MARGINS FOR THE MOTHERLAND

Indonesia 2018 | AGRICULTURE | INTERVIEW

TBY talks to Ronald Walla, President Director of PT Wismilak Inti Makmur, on offering the public a more relevant value proposition, strengthening the ideology of Indonesia's founding fathers, and forging bigger profit margins.

Ronald Walla
BIOGRAPHY
Ronald Walla has been the President Director of PT Wismilak Inti Makmur since 2012. He previously served as President Director of PT Galan Gelora Djaja from 2002-2007 and Commissioner at PT Wismilak Inti Makmur from 2008 to 2012. He has a degree in engineering management from George Washington University and in computer science from the University of Maryland.

How would you assess the company's performance in 2017?

The majority of our industry is in the FMCG sector, so a great deal depends on buying power. FMCG represents about 70% of transactions in Indonesia. To overcome this, creativity and innovation in every aspect of the business is important. We are trying to offer the consumer a better, faster, more attractive, and relevant experience and value proposition.

Can you tell us more about your production facilities and infrastructure?

We have enough capacity at the moment and do not plan to add more, but we certainly have been improving our technology and talents to develop better products and services. We have been working on our organization's infrastructure since the beginning and, over the past two years, have been focusing on our human resource development, in addition to our IT infrastructure.

How is your portfolio of products evolving?

There have been many developments lately in the tobacco industry regarding flavor, filter, and product design innovation. There are a few different types of cigarettes in terms of length, filter types, charcoal and non-charcoal with various different flavors, menthol, and the original with different specific flavors. There have also been innovations in packaging, delivery, processing, and consumer engagement. There are at least three categories of cigarettes in Indonesia. The two largest are machine-made and hand-rolled, non-filtered cigarettes. There are also white cigarettes and cigars. People in Indonesia are tobacco fanatics that appreciate heritage and real quality. We now have electronic cigarettes, but the price gap is still high for the market here, and you need to invest USD10-15 to start with for the device, while the purchasing power in this country is only 7-10% of that. Hence, there is a niche market in big cities like Jakarta. Though a new lifestyle trend, future growth in the conventional closed cigarette market is still big.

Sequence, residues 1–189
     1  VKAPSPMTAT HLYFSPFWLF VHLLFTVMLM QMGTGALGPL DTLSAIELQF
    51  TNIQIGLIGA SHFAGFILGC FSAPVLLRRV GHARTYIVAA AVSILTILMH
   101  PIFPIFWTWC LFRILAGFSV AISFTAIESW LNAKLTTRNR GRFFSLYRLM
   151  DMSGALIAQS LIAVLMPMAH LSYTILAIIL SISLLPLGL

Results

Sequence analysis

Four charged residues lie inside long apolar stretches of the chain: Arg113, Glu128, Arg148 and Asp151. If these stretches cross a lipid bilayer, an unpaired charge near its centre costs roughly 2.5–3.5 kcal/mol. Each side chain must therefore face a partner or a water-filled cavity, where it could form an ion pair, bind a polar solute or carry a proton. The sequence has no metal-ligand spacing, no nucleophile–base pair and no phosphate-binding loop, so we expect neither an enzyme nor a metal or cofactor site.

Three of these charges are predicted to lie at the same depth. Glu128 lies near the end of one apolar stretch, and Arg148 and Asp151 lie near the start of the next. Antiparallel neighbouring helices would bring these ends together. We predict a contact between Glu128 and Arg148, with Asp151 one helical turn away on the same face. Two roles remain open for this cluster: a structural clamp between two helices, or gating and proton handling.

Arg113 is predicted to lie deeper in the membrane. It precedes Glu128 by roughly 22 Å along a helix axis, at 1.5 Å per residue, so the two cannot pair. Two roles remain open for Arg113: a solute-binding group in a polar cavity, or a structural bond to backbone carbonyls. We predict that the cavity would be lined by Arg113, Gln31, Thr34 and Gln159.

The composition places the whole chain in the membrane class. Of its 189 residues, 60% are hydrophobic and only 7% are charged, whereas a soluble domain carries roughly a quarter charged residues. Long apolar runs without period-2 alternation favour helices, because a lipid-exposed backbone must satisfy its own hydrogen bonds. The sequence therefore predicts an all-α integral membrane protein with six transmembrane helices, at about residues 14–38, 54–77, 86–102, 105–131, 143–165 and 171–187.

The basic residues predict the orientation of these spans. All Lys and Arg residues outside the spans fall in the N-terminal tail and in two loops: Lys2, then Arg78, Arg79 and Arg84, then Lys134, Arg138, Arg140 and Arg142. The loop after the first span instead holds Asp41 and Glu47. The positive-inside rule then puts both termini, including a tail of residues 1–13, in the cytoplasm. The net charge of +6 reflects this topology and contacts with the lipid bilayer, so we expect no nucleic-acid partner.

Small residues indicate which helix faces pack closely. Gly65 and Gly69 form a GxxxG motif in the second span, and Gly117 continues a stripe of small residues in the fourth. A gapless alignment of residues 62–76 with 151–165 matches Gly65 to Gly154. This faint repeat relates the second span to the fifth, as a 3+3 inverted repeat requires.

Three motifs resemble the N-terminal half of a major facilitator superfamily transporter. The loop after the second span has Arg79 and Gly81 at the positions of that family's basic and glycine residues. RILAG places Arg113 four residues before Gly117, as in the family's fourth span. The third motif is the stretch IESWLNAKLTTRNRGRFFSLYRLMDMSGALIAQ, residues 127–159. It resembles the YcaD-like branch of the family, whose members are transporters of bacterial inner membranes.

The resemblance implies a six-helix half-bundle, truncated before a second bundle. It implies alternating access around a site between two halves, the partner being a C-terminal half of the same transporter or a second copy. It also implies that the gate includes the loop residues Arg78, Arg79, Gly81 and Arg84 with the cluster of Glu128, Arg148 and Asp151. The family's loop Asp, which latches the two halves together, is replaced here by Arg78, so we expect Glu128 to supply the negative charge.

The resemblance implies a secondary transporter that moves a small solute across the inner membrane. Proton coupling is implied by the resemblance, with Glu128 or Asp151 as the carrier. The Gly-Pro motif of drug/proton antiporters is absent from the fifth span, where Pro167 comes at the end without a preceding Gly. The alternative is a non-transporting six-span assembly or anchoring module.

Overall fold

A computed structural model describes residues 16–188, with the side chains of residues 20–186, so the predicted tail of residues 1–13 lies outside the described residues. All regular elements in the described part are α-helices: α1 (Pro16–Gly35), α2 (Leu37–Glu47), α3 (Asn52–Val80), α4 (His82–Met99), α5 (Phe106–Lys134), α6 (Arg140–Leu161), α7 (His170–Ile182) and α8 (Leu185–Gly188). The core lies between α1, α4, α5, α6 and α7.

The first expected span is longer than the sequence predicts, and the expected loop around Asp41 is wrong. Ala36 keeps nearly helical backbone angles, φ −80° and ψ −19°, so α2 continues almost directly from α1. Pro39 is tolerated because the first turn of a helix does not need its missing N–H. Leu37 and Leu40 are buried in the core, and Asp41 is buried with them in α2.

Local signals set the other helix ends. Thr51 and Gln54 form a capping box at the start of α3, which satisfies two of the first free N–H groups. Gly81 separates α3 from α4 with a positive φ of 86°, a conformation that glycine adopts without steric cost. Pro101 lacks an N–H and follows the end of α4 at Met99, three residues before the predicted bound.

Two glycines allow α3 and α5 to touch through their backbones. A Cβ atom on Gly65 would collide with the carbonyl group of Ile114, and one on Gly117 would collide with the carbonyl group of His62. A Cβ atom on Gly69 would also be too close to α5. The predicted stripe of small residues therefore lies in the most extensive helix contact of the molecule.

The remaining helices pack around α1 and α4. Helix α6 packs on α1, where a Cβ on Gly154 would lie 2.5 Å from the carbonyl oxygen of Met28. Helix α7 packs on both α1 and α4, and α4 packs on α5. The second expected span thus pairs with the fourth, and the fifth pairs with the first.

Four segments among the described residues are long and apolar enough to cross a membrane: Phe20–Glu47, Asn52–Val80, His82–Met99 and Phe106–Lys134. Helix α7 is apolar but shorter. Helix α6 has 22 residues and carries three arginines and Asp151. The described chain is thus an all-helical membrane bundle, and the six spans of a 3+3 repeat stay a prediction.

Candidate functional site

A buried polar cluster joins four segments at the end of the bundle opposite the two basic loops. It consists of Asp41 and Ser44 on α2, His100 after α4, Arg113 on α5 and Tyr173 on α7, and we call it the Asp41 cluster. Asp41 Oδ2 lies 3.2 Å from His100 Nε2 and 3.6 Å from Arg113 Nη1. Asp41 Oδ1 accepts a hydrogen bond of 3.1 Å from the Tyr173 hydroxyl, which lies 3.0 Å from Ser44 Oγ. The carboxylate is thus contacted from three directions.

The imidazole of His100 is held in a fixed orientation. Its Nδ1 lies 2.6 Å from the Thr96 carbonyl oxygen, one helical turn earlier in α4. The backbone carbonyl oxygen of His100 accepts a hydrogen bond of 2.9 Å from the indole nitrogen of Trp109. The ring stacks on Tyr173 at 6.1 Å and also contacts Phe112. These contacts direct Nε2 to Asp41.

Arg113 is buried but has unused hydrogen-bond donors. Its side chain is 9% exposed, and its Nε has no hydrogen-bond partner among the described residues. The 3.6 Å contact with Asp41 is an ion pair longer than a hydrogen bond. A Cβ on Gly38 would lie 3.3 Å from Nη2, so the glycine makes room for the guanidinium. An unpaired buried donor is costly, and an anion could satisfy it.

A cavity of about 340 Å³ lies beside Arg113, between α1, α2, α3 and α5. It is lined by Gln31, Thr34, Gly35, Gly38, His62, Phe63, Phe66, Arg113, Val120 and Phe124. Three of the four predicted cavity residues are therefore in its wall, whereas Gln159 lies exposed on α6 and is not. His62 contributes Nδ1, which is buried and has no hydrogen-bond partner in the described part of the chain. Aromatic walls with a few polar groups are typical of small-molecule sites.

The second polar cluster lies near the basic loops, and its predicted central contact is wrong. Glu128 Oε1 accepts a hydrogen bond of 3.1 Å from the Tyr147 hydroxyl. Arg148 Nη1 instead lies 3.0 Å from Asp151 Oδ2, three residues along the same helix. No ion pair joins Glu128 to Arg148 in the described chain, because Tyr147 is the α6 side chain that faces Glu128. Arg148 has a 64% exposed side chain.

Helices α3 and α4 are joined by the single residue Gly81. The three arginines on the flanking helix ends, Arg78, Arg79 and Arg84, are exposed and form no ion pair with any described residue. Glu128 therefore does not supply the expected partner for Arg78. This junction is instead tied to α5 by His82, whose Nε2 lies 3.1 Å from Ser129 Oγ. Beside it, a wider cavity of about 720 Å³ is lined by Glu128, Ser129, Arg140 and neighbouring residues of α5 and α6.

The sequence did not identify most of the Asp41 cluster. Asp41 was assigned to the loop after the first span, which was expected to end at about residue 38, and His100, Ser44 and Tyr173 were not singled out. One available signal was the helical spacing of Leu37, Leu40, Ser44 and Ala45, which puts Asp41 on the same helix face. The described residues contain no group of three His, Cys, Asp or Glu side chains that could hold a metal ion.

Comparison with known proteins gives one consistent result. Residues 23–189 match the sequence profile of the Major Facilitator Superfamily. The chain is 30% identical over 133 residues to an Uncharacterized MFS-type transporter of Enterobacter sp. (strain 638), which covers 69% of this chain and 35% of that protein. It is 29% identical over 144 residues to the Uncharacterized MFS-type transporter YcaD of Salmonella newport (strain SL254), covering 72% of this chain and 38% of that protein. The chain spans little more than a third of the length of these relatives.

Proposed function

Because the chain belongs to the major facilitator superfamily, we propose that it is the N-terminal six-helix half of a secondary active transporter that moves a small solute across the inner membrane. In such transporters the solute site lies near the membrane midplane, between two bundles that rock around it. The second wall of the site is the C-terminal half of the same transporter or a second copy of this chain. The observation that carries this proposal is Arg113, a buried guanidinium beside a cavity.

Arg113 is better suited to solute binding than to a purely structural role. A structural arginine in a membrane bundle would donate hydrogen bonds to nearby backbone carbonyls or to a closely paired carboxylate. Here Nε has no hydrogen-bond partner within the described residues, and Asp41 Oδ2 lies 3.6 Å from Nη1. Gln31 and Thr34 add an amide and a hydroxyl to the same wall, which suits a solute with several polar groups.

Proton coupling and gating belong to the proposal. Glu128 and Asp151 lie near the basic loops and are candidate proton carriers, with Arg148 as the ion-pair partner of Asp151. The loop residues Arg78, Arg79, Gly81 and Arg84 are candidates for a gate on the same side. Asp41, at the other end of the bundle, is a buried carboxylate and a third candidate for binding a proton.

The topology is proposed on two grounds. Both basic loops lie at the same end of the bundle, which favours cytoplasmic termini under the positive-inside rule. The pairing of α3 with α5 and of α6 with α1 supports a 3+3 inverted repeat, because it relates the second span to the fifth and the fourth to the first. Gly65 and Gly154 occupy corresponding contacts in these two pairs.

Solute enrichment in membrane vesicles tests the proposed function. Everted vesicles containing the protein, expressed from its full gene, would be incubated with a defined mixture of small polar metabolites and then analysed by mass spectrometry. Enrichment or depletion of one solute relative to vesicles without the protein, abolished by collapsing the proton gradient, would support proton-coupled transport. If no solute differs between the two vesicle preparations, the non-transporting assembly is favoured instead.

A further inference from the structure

In which way is Wismilak impacting the lifestyle of Indonesians, and what role can you play in the economic development of the country?

Internally, we keep developing our people in terms of training, knowledge, and strategic thinking. Everyone in the organization must have a learning attitude because only a learning organization will survive. Externally, we do three major things, one of which is our Diplomat Success Challenge program. This is the eighth year of our entrepreneurship competition program where we provide funding and mentorship. One winner makes drones, one specifically developed to help the agriculture industry scan the fields and inspect if there are any illness or issues. They can detect issues early on and thus save billions. Another program we have is Passion Ville, a competition in which young people passionate about any particular subject, such as dance, music, comics, or photography can participate. We also offer workshops and invite successful and passionate people like singers or creative industry types. We give them a framework in which to successfully pursue their passion, compete, and offer funding to the winners. This has been going on for six or seven years now. Of course, we also have our regular CSR whereby we plant trees and support communities. In 2018, we will also start to focus on ethical political issues, such as strengthening the ideology of Indonesia's founding fathers. We work with the TNI from the military school, borrow from its curriculum, and provide funding to share its knowledge and ideology in schools and villages.

In which way can the government further support this industry?

At the moment, there are three tiers in the tobacco industry. We are tier two, and the gap between tiers one and two is considerable, given that the former contributes more money to the government. It makes it harder for us to compete in tier two because of economies of scale. In order for us to get into tier one, we need much bigger profit margins.